I enjoy eating dim sum with my family and in college with friends. Many Asian countries enjoy the cuisine as a communal eating experience best enjoyed with family on Sundays where the adults have a break from work.
My journey to find the ultimate dim sum restaurant in the Boston area to satisfy my dumpling and tea cravings started at a quaint spot in Chinatown.
Dim sum is a traditional assortment of small dishes accompanied by tea. Originating in the Guangdong — or Canton — region of Southern China, travelers along the Silk Road would enjoy rejuvenating teas paired with complementary dishes.
Winsor Dim Sum Café, located on Tyler Street in Chinatown, was packed on a Sunday at noon, with two lines assembled on the crowded sidewalk. Every grouping from couples to large families waited patiently for a table in the cozy shop.
My friends and I climbed two sets of stairs into the fragrant room after over 30 minutes of waiting. Scanning the other tables, I silently yearned for the plates of steamed dumplings, savory noodles and scorching hot soups others were already enjoying.
After we were seated, we quickly scratched down numbers on our order ticket next to the specific dishes we wanted. Visuals of boiling tea in cute ceramic cups, spicy chili oil in saucers and clanking chopsticks in preparation for food surrounded us.
We received our assortment of orders in batches, frantically digging in. I have few complaints and an overwhelming array of compliments for the chefs.
I don’t normally like tea, but the jasmine tea we drank before any food went in our systems acted as a calming heating pad lining my belly. Hot, soothing and a hint of bitterness, the tea had just the right combination of leaf and hot water taste.
When I visited before, I had been trembling in excitement for the baked BBQ pork buns. However, it wasn’t available at the time. This time, the dim sum deities showed mercy, and they were available for order the second time.
The soft, warm buttery bun was absolutely delightful — it was fluffier than the unicorn plushie in “Despicable Me.” Although there was less pork filling than I had hoped for, the pork was sweet and hearty.
The steamed shrimp rice noodle with soy sauce was salty, chewy and sticky. The shrimp was so filling and the little cilantro pieces scattered throughout provided freshness among the saltiness. This was easily a standout dish.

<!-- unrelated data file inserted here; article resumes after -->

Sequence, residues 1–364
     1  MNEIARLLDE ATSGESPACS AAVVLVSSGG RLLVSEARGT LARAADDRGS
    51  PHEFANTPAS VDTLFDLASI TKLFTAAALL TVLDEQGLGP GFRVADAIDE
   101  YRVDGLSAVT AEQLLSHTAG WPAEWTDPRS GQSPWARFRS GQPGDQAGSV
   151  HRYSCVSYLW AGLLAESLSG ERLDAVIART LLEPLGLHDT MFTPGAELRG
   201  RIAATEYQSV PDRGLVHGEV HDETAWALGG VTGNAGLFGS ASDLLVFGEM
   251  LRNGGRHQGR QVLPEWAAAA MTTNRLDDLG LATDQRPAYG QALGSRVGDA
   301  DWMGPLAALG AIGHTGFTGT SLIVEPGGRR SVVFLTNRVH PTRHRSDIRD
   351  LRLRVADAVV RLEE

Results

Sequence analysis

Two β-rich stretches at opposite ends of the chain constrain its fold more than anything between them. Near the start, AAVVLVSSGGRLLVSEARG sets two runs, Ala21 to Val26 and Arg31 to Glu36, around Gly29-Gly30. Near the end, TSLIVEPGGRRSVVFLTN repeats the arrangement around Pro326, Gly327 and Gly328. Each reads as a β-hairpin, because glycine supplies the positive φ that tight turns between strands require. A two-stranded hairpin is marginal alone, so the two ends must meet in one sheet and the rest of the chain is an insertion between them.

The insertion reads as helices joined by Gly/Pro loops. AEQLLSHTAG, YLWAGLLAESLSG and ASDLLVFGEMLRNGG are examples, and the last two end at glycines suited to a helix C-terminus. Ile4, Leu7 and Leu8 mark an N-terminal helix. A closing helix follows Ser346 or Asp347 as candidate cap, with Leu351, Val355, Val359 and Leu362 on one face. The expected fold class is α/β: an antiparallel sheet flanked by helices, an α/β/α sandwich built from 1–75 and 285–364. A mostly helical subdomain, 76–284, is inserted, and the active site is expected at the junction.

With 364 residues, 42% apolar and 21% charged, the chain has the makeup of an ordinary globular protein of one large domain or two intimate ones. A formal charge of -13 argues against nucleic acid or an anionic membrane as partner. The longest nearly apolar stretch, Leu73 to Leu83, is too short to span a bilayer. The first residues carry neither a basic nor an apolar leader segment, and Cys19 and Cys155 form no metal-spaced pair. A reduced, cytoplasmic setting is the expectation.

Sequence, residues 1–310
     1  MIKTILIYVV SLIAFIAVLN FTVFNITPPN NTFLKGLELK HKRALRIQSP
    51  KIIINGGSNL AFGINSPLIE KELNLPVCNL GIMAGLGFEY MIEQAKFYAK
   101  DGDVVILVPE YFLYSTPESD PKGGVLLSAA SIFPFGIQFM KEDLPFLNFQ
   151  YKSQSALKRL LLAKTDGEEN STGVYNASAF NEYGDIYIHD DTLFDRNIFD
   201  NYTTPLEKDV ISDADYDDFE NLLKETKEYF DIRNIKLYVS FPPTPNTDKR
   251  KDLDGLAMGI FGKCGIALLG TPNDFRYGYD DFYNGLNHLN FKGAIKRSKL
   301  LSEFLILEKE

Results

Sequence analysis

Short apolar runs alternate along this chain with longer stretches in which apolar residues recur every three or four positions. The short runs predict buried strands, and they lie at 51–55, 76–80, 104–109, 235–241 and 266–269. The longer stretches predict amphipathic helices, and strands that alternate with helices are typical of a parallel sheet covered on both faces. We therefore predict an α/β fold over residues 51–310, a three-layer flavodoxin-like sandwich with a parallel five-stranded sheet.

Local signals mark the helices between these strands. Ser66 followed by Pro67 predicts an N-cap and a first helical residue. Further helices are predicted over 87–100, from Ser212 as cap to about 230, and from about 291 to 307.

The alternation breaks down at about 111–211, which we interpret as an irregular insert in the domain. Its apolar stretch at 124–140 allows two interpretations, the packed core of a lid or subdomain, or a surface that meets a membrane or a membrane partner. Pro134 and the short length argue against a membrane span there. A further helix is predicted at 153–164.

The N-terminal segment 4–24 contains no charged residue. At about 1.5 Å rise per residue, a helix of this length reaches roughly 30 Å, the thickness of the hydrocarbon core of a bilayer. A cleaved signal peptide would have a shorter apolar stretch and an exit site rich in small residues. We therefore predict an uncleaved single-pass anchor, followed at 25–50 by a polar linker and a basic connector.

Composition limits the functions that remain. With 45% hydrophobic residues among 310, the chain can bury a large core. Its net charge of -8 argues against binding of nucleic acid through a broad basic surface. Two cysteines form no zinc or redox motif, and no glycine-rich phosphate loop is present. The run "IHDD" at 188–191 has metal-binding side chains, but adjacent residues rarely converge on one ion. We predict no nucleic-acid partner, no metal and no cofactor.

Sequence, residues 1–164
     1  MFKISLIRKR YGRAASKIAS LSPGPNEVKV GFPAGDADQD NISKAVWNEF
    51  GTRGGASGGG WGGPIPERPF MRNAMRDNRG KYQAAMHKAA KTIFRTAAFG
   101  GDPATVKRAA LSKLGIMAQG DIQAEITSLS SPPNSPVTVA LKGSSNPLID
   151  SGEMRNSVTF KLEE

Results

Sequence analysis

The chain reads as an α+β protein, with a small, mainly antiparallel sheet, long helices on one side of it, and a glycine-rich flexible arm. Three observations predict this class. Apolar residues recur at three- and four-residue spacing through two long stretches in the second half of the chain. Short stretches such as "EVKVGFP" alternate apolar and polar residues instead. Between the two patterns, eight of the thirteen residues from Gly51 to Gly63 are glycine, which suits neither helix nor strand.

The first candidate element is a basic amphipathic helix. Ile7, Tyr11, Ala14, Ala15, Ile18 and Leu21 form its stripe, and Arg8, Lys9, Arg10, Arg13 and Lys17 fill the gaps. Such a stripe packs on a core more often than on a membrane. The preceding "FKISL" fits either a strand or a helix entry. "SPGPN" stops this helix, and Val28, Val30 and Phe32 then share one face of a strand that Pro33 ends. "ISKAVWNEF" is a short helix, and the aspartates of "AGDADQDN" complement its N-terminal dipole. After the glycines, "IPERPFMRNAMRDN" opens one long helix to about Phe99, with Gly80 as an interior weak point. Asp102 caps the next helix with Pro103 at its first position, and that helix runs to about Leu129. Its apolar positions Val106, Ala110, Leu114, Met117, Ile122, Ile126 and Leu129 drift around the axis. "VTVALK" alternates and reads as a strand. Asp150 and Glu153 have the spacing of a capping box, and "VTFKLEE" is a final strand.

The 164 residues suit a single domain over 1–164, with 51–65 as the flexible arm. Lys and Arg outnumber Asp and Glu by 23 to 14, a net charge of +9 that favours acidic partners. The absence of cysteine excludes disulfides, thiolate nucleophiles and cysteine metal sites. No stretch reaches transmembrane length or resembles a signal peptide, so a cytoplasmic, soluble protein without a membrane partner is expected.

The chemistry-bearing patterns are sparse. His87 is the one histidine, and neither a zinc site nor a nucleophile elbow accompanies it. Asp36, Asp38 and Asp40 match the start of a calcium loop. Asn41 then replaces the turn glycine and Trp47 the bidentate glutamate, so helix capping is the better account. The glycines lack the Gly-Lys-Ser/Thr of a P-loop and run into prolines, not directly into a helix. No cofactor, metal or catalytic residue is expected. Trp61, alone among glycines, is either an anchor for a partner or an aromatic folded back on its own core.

Of course, I needed to re-order classic dim sum favorites. The steamed shrimp dumplings were delightful as always: chewy, sticky and meaty. The steaming wrapping was a bit clumpy this time, but the taste overpowered any qualms I had about texture.
Chicken feet with black bean sauce is a dish I will never stop raving about. Although the name seems intimidating, it ultimately is just saucy skin on soft cartilage. It’s fun to eat — sort of like eating crawfish since the eating experience doesn’t result in much meat. Nevertheless, the sweet and rich chicken skin was perfectly cooked and happily devoured.
Some plates I ordered were not my cup of tea — pun intended. The Yu Choy with oyster sauce was a basic dish, but with a price of $8.50, it was underwhelming and not a dish I would purchase again at that price. The vegetables themselves were cooked well, but the oyster sauce was extremely salty.
I did not enjoy the pan-fried white turnip cake with XO chili sauce. Again, it was too salty for my taste. The cake was chewy and had a texture almost like firm tofu. I liked the bean sprouts and sauce, but it was jarring with the turnip cake. Also, the sauce has a heat that spreads throughout your mouth — not too overbearing, but very present.
Overall, this restaurant is a must-try for stellar tea and dim sum. I liked almost everything I tried, and there are countless other items I’ll order in the future. I don’t even feel compelled to visit another dim sum restaurant. This place has it all.